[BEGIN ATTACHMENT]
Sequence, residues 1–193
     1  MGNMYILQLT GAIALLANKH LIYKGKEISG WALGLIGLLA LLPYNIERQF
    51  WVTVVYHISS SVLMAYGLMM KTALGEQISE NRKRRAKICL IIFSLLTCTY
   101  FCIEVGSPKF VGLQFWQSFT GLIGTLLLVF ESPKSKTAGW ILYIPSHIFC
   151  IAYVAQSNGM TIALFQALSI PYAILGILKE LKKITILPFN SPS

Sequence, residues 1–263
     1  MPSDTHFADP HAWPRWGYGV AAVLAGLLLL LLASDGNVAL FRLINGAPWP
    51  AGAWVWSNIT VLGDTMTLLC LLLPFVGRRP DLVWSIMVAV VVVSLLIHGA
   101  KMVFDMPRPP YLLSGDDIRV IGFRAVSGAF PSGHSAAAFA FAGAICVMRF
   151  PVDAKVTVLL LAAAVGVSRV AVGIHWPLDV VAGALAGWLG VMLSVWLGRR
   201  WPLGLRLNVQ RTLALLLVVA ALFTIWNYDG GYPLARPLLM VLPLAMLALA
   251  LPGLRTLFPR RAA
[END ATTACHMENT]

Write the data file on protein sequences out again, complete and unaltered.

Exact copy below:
Sequence, residues 1–193
     1  MGNMYILQLT GAIALLANKH LIYKGKEISG WALGLIGLLA LLPYNIERQF
    51  WVTVVYHISS SVLMAYGLMM KTALGEQISE NRKRRAKICL IIFSLLTCTY
   101  FCIEVGSPKF VGLQFWQSFT GLIGTLLLVF ESPKSKTAGW ILYIPSHIFC
   151  IAYVAQSNGM TIALFQALSI PYAILGILKE LKKITILPFN SPS

Sequence, residues 1–263
     1  MPSDTHFADP HAWPRWGYGV AAVLAGLLLL LLASDGNVAL FRLINGAPWP
    51  AGAWVWSNIT VLGDTMTLLC LLLPFVGRRP DLVWSIMVAV VVVSLLIHGA
   101  KMVFDMPRPP YLLSGDDIRV IGFRAVSGAF PSGHSAAAFA FAGAICVMRF
   151  PVDAKVTVLL LAAAVGVSRV AVGIHWPLDV VAGALAGWLG VMLSVWLGRR
   201  WPLGLRLNVQ RTLALLLVVA ALFTIWNYDG GYPLARPLLM VLPLAMLALA
   251  LPGLRTLFPR RAA